According to the plan of action, the facility began working on responses to the alleged deficiencies immediately, doing in-service training, reviewing or improving protocol, creating new methods of documentation and cleaning up areas the inspection team found dirty.
Part of the plan represents new activity, while part is the protocol already in place when the team visited.
Reading the report, however, one gets a glimpse of what may be the facility's defense. The team reported numerous housekeeping-related deficiencies when it visited. The plan of correction notes that three additional housekeeping staff have been hired since the survey, and two others who were ill at the time are back on the job.
The plan details improvements or maintenance of the environment ("The facility is free of urine odors"), point by point with the report, indicating where obstacles have been removed, unsafe items repaired or removed, dirt and grime cleaned and safety items installed. It indicates a new "weekly environmental round" to be conducted by a housekeeping supervisor to assure that compliance is maintained and efforts to get resident input on reducing the noise.
Responding to specific care complaints, the report stated that one resident in the report is being "closely monitored by the nursing staff and physician" and all changes "noted in the medical record and 24-hour report." The plan of correction notes the condition of and care given to patients cited in the team's report.
Regarding one patient who died, the plan says, "Nursing notes and the ADL record for the resident revealed that this medically compromised 93 year old resident ate poorly from the time she was admitted to the nursing home following a total hip replacement. The physician was aware of her fluid and nutritional intake based on the progress notes."
In another case, where the team found an open wound on a patient's heel, the nursing home's plan of action notes that the resident "frequently removes the dressing, shoes and socks." But in a third case, the document reveals that a LPN involved in the resident's care "was terminated for failing to contact the resident's physician in accordance with facility policy and procedure," while the "administrative member was counseled regarding the failure to provide assistance to the charge nurse."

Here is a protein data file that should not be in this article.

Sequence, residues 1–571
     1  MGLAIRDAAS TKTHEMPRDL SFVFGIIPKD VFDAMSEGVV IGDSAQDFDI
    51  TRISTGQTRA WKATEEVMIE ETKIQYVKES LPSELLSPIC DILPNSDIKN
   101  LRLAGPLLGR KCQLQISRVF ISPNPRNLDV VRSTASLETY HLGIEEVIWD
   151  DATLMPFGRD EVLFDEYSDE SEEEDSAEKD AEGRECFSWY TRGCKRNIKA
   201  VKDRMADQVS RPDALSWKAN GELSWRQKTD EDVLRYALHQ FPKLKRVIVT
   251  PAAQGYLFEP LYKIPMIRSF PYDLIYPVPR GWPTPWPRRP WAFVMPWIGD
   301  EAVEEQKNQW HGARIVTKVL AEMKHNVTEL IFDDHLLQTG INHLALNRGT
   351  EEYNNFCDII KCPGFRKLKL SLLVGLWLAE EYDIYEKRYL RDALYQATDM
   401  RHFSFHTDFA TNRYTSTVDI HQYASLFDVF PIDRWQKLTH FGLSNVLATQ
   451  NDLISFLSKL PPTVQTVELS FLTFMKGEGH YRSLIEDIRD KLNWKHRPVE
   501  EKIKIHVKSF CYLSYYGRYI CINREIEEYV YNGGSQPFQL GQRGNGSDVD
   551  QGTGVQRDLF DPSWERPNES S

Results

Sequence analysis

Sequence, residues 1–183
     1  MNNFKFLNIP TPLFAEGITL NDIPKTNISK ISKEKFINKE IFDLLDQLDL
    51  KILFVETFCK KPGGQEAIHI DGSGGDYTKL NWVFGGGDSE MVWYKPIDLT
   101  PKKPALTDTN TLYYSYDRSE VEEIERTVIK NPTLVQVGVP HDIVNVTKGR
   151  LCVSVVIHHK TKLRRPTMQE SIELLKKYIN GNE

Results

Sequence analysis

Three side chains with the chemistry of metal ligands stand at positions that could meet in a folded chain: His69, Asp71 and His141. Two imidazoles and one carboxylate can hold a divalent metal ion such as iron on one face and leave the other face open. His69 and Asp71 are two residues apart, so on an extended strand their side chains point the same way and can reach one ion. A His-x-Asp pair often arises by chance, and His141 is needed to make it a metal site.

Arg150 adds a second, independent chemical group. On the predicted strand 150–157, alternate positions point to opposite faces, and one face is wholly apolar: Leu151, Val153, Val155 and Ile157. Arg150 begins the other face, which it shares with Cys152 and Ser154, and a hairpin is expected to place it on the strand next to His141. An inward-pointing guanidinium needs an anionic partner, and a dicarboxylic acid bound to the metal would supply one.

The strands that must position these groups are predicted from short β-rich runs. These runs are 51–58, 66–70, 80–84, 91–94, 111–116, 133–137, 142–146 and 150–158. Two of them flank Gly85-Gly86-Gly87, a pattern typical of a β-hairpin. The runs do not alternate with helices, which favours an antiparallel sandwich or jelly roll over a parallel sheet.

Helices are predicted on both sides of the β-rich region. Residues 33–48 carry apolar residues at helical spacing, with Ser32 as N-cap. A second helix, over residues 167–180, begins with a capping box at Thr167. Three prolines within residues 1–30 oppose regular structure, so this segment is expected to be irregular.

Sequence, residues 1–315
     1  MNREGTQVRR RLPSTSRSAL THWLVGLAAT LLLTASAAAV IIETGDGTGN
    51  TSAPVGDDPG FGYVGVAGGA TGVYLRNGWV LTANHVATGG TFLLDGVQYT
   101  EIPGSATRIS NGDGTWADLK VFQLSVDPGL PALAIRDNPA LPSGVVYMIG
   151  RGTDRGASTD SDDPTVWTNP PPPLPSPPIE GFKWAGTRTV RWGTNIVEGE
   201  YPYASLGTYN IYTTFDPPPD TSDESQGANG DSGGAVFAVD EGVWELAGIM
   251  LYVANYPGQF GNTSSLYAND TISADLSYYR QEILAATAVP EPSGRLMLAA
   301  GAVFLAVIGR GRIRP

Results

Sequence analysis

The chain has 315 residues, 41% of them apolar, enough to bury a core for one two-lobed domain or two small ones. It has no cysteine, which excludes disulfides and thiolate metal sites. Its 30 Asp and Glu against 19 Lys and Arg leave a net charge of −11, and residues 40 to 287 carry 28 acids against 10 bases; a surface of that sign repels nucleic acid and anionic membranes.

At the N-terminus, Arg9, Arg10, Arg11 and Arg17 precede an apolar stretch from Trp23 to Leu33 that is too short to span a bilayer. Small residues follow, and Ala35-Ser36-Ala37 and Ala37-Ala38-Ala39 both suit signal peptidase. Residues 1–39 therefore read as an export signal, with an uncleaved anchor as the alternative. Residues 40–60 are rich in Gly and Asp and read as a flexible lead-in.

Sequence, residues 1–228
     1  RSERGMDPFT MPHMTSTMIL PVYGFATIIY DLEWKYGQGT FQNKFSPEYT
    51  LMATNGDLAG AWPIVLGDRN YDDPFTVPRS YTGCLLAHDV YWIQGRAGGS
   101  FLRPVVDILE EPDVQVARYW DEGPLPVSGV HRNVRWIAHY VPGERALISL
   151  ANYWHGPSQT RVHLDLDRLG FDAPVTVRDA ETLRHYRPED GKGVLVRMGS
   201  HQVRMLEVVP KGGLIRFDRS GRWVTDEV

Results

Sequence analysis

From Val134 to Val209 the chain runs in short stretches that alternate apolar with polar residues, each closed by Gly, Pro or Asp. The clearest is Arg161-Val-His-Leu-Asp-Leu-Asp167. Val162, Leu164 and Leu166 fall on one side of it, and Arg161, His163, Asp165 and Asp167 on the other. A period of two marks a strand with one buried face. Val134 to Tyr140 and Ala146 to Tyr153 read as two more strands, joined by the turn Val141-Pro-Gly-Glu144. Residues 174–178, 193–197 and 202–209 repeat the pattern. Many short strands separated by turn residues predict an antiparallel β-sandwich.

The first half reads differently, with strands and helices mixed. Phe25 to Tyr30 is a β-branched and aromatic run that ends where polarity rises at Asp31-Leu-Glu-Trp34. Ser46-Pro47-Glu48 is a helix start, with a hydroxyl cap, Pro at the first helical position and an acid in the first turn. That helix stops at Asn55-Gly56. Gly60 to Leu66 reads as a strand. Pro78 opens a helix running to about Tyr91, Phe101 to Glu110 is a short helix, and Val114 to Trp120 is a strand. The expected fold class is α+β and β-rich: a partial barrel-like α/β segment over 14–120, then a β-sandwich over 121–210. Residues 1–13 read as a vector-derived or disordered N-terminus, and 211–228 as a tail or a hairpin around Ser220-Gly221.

The report indicated that the medical center called in consultants. One, from Marriot Environmental Services, provided recommendations on a clean environment. Two nursing consultants were hired following the survey to help implement corrections for each deficiency.
The nursing home agreed to hire an additional full-time staff member to the care plan coordinator's office, and the facility has hired five new nursing staff members since the survey, the plan notes, and the facility meets and exceeds the required number of nursing hours per patient.
The action plan also includes new forms generated to document the following of policy and procedure.


Sales Tax Decision Set For Friday
JEFFERSON -- The Jackson County Board of Commissioners is expected to set the formula for a November vote on a Special Purpose Local Option Sales Tax when it meets at 10 a.m. Friday, Aug. 20, in the Administrative Building in Jefferson.
"I've thought long and hard about these decisions," commissioner Pat Bell said. "I know what I want. As for the formula, we aren't there yet."
The board of commissioners met with representatives from city councils and other interested citizens Thursday morning to receive input. Water and sewer, roads, recreation and a fire training facility are among the areas being considered to receive a portion of the sales tax revenue. It appears that the courthouse issue won't be a part of the SPLOST vote. The courthouse committee has sent the board of commissioners a letter asking that it be funded through other sources.
At the SPLOST meeting, Commerce Mayor Charles Hardy said water and sewer are the biggest needs for his constituents. He also asked that the funds be used to purchase equipment for capital outlay projects.
Hoschton city clerk Cindy Edge attended the meeting but didn't comment. There were no representatives from Arcade, Braselton, Jefferson, Maysville, Nicholson, Pendergrass and Talmo.
Jackson County Area Chamber of Commerce chairman Richard Cathey spoke on his disappointment that more officials didn't attend and said it is a "disservice to their voters" that they didn't.
Cathey also said $12,500 in private funds has already been collected to help market and advertise the sales tax referendum in November.